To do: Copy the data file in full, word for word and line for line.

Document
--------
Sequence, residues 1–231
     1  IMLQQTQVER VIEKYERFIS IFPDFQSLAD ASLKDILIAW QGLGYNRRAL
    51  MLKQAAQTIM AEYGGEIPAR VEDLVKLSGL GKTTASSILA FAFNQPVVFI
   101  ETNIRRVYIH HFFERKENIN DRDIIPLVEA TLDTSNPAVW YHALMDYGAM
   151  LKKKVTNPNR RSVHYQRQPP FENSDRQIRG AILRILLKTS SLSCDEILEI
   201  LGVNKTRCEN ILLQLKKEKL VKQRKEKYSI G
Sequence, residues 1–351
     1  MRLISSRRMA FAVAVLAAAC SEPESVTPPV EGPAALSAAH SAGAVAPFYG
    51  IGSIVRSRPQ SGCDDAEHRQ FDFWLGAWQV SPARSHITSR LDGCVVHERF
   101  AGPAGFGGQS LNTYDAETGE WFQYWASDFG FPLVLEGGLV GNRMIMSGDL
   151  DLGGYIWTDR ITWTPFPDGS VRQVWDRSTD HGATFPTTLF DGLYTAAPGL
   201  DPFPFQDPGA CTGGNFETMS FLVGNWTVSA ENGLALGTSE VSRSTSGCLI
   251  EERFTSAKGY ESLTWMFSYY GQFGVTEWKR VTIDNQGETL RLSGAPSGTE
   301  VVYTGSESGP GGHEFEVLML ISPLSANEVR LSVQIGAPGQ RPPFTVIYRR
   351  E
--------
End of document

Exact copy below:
Sequence, residues 1–231
     1  IMLQQTQVER VIEKYERFIS IFPDFQSLAD ASLKDILIAW QGLGYNRRAL
    51  MLKQAAQTIM AEYGGEIPAR VEDLVKLSGL GKTTASSILA FAFNQPVVFI
   101  ETNIRRVYIH HFFERKENIN DRDIIPLVEA TLDTSNPAVW YHALMDYGAM
   151  LKKKVTNPNR RSVHYQRQPP FENSDRQIRG AILRILLKTS SLSCDEILEI
   201  LGVNKTRCEN ILLQLKKEKL VKQRKEKYSI G
Sequence, residues 1–351
     1  MRLISSRRMA FAVAVLAAAC SEPESVTPPV EGPAALSAAH SAGAVAPFYG
    51  IGSIVRSRPQ SGCDDAEHRQ FDFWLGAWQV SPARSHITSR LDGCVVHERF
   101  AGPAGFGGQS LNTYDAETGE WFQYWASDFG FPLVLEGGLV GNRMIMSGDL
   151  DLGGYIWTDR ITWTPFPDGS VRQVWDRSTD HGATFPTTLF DGLYTAAPGL
   201  DPFPFQDPGA CTGGNFETMS FLVGNWTVSA ENGLALGTSE VSRSTSGCLI
   251  EERFTSAKGY ESLTWMFSYY GQFGVTEWKR VTIDNQGETL RLSGAPSGTE
   301  VVYTGSESGP GGHEFEVLML ISPLSANEVR LSVQIGAPGQ RPPFTVIYRR
   351  E